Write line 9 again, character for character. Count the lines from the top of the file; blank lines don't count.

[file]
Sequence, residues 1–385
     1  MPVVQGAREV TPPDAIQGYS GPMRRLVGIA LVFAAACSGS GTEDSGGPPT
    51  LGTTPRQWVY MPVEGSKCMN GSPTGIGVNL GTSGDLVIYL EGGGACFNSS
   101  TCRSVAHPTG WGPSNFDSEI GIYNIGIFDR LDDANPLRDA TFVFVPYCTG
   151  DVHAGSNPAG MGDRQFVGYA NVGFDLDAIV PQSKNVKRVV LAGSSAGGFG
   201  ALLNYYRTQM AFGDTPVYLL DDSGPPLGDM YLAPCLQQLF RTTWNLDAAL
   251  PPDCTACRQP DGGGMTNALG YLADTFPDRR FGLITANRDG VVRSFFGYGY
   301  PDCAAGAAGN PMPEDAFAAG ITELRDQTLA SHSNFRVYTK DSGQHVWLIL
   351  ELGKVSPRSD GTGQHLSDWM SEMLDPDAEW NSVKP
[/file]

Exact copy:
   351  ELGKVSPRSD GTGQHLSDWM SEMLDPDAEW NSVKP